I had a chance to talk with Blake Midstokke, Gameplay Producer for Legends of Runeterra, and ask him some questions about the state of the game and what we can expect in the future. Be on the lookout for Legends of Runeterra to return for closed beta early in Q1. If you did not already have access you can still register at the LoR website.
Neonangel: I understand Legends of Runeterra has been in development for years, but was there ever a point that you were approaching it as another game mode, like Teamfight Tactics for League of Legends, or was it always designed to be a stand-alone title?
Blake: From the beginning of LoR’s development, we felt the opportunity to launch a card game with a truly player-focused business model and deep interactive strategy was large enough to warrant a stand-alone experience.
During very early prototyping, we did uncover a few promising directions that we passed along to other Riot teams, but LoR itself was always planned to be a stand-alone game. Our hope has always been to build something that players will love to keep coming back to year after year!
N: When Hearthstone was first released it focused on actual characters from World of Warcraft but slowly drifted further away from that strict scope of storytelling until it eventually shed its “Heroes of Warcraft” subtitle to become simply “Hearthstone”. Does Legends of Runeterra plan on taking players along for the ride with League of Legends characters or will they just exist in the same world?
B: With the amount of content we get to pump out with each new set, we're very excited for LoR to be at the forefront of character building and storytelling in the world of Runeterra.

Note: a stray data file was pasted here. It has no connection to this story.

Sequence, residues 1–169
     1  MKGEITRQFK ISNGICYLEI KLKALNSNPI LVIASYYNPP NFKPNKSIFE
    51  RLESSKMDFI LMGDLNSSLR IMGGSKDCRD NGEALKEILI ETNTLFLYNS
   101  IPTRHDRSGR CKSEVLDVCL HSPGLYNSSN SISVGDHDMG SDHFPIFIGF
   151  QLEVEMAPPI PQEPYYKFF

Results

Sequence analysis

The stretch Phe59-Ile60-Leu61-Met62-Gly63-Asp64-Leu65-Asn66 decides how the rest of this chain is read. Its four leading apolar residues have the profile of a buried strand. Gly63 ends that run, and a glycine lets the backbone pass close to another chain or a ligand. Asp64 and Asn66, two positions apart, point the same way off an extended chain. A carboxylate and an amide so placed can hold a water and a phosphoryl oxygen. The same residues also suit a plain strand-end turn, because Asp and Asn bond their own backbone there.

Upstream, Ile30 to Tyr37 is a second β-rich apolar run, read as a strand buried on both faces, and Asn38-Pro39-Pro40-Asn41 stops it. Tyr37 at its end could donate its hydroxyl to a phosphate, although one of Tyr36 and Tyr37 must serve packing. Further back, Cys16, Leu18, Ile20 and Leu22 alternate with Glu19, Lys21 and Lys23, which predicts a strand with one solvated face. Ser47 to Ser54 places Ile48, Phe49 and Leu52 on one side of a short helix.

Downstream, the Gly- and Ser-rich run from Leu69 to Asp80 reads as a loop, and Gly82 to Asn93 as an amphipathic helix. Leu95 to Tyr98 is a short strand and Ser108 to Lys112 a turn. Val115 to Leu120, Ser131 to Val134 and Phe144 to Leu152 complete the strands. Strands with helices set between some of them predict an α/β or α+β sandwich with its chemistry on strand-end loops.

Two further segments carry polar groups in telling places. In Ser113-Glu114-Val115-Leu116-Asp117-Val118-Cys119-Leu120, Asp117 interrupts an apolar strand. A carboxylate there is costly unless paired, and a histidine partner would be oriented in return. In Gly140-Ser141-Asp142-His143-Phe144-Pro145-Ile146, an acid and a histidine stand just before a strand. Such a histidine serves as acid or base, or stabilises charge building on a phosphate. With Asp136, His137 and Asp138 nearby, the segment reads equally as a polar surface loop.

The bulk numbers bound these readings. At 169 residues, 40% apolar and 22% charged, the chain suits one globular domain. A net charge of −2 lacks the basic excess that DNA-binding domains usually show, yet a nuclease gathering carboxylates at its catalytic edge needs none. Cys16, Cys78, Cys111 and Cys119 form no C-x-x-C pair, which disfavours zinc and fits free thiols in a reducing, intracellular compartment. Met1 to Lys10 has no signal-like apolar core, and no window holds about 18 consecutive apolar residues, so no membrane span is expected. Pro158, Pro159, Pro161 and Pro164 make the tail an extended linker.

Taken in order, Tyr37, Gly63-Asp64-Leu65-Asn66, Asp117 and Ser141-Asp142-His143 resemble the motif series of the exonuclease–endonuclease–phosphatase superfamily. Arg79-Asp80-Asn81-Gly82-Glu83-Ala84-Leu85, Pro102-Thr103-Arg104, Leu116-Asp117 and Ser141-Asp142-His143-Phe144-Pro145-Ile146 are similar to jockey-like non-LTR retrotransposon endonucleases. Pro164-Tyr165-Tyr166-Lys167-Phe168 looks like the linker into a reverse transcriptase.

League of Legends has introduced some really amazing alternate universes that we may explore at some point, but for now our focus is squarely on introducing more of our core world. By building that world and partnering with other teams at Riot to expand on their stories, we're super excited to grow Runeterra into an even richer and more vibrant setting.
Senna, Sentinel of Light and Tianna Crownguard are my favorite examples so far. With Tianna, we got to work with the Comics group to explore her story and how she fits in with Lux and Garen. As for Senna, players can experience her pre-Thresh in LoR, and then play her post-Thresh incarnation in LoL.
"I can remember bringing in Madden one year to demo and analyze what they were doing with their draft mode."
N: It’s clear that your brainstorming sessions to identify elements that work from existing digital card games really paid off. The current state of the game is exceptionally polished, intuitive, and fun! How many iterations of the gameplay design did you have to go through to get it there or can you share any details from early attempts?
B: Thank you! It's always strange to see people call the game polished, because when our team looks at LoR all we can see are the things that we still want to make better! We feel like there's still a lot of room for improvements, both our own and those inspired by feedback from players.
Although we're die-hard card game fans, we also have a lot of other loves and tried our best to learn from outside of the genre as well. As a rare card game + sports game fan myself, I can remember bringing in Madden one year to demo and analyze what they were doing with their draft mode. There have been some amazing innovations all over the industry, and if we wanted to surprise and delight within the card game genre we knew we needed to look for inspiration outside of it as well.
In terms of the amount of gameplay iteration...the short answer is "A lot." The most recent change between Preview Patches 1 & 2 was that we now always reveal what Champions are in your opponent’s deck. Before we had player feedback we had to rely on Rioters’, and that led us to some other big changes during development. Two examples—in early 2019 we updated spells by adding Burst speed to the game, and in 2018 we did a lot of explorations into how to make Champions more impactful, and discovered our Champion Leveling system that we now love so much.
N: The board, card abilities, and win conditions feel very familiar to those who have played this genre previously. It’s interesting to see alternate ways to win a game, like Fiora, rather than just reducing your opponent’s Nexus to 0 Health. Are there plans to add different paths to victory like this in the future and are there any you tried and didn’t like?